Children are by far one of the largest investments you’ll ever make in your life. Adjusting for inflation, it’ll cost parents with children who were born in 2012 an average of $301,970 to care for them from birth through the age of 18. That dollar amount can seem pretty daunting for new and expectant moms and dads.

Here’s a brief guide to financial planning for those brave souls who are about to embark on the adventure of their lives.

Don’t Overlook Life Insurance

Image via Flickr by ECohen

Many young people don’t appreciate the importance of purchasing life insurance. Many take their health for granted, and don’t care to slow down and consider what would happen if tragedy were to strike. When you become a parent, you must buckle down and set up provisions in the event that tragedy strikes. Since financial planning isn’t always a strong point for young parents, look for resources and support to help you make informed decisions about your family’s future.

Life insurance is generally very affordable, but when it comes to expectant moms, it becomes more costly the longer you wait to choose a policy. With factors like gestational diabetes and other complications, it’s best to set up a policy as early in the pregnancy as possible. Purchase a policy that’ll protect your family’s finances in the event of any complications during your pregnancy and delivery. Continue to do so long after you’re done giving birth to your child.

Weigh Childcare Pros and Cons

Feeling financially overwhelmed is common for parents after they’ve researched the cost of childcare. For some, childcare fees can eat up a significant portion of income. Keep that in mind and decide how important it is for both parents to return to work. It’s for this reason that, when faced with the decision of returning to work only to spend an outrageous 75 percent of their income on childcare, many moms opt to stay home.

Childcare costs vary across regions, and certain professions are more accommodating than others. With that in mind, take an honest inventory of your support network. Do you have close family members who are able and willing to help out in the childcare department? Are grandma and grandpa available for bonding time with your bundle of joy? The support and assistance of family and friends might help you significantly reduce the amount you’ll need to depend on traditional childcare.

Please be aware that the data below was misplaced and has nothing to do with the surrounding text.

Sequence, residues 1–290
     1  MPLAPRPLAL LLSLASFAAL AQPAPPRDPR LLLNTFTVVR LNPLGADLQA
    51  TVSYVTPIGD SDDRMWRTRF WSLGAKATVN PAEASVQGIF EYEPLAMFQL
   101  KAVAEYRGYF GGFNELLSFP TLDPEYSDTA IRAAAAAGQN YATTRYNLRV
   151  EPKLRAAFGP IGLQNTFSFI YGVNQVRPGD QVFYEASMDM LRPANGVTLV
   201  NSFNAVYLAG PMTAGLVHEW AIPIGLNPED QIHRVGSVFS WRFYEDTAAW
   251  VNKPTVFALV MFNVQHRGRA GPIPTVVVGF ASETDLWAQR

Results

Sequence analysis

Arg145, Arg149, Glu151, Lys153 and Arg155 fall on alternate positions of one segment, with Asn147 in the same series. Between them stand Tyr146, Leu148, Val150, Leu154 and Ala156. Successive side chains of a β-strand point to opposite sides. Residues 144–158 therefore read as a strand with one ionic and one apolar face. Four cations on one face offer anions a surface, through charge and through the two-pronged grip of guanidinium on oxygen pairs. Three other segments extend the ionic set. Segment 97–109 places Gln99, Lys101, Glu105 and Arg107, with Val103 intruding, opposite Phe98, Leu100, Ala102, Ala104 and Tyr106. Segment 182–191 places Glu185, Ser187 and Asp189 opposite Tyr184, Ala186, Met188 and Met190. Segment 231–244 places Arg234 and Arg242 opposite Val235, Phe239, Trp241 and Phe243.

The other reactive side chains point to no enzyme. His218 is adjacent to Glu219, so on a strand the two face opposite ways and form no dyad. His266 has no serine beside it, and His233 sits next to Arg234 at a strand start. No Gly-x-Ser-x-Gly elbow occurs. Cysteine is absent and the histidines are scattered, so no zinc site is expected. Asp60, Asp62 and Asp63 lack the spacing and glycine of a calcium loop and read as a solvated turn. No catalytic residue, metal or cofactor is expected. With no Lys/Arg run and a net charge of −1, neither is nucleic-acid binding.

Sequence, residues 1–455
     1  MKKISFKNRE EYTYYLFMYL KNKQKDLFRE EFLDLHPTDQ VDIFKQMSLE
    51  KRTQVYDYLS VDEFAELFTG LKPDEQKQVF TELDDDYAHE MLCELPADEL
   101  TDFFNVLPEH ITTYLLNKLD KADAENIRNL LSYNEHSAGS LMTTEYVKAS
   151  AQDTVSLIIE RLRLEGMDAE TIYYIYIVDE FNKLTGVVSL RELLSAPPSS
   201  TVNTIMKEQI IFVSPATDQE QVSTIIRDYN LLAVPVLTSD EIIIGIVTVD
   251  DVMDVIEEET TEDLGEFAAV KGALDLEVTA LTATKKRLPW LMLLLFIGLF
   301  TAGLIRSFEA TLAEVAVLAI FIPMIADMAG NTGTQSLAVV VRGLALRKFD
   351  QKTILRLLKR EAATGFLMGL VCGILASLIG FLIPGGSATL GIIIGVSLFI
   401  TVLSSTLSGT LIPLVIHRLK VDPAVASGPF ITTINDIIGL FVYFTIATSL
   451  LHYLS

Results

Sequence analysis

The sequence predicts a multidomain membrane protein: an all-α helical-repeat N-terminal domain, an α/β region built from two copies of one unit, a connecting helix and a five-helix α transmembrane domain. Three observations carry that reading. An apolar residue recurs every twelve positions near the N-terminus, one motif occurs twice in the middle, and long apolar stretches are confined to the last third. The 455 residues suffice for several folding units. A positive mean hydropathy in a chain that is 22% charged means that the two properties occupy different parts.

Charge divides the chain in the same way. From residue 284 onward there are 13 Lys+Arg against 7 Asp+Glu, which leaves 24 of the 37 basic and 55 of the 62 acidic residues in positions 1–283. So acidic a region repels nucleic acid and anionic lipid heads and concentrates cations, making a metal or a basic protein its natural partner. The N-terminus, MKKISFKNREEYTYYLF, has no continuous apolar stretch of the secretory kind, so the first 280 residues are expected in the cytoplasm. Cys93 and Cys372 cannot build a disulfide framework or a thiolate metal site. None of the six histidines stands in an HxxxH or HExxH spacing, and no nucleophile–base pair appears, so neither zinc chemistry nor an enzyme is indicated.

Consider Higher Education Costs

The cost of higher education has increased exponentially in recent years, and the upward trend is projected to continue in the years to come. Keep this in mind as you map your long-term financial plans. Engage in some meaningful research and consult the many books to educate you on investment that are out there, and focus on strategies that’ll work best for your particular situation.

Planning for your child’s future education expenses increases the likelihood that they’ll be able to pursue their dreams without drowning in crippling debt.

Set Up an Emergency Fund

Kids are unpredictable. Expect the unexpected when it comes to financing motherhood. Utilizing useful and reliable resources can help make saving for specific milestones, or just a rainy day easier. The best way to take control of your finances and not let the unexpected expenses that come along with parenthood break the bank.

Find Ways to Cut Costs

You might be surprised to find how much money you can save by simply thinking outside the norm and taking matters into your own hands. Baby food and formula are some of the biggest expenses parents tackle. Combat this by preparing to breastfeed as early and as long as possible, foregoing formula altogether.

Additionally, a small initial investment in a decent food processor and glass containers are the making of an incredibly healthy and cost-effective homemade baby food operation. Disposable diapers are any environmentalist’s worst nightmare. Not only are the chemicals in them terrible for the environment and your baby, they’re outrageously expensive too. The cloth diaper movement is gaining momentum; more and more new moms are finding them to be much more convenient to use than one might think.

This list merely scratches the surface of financial planning for new mothers. What’s your biggest concern about being an expectant or new mommy? Please share your thoughts with us in the comments below.

 

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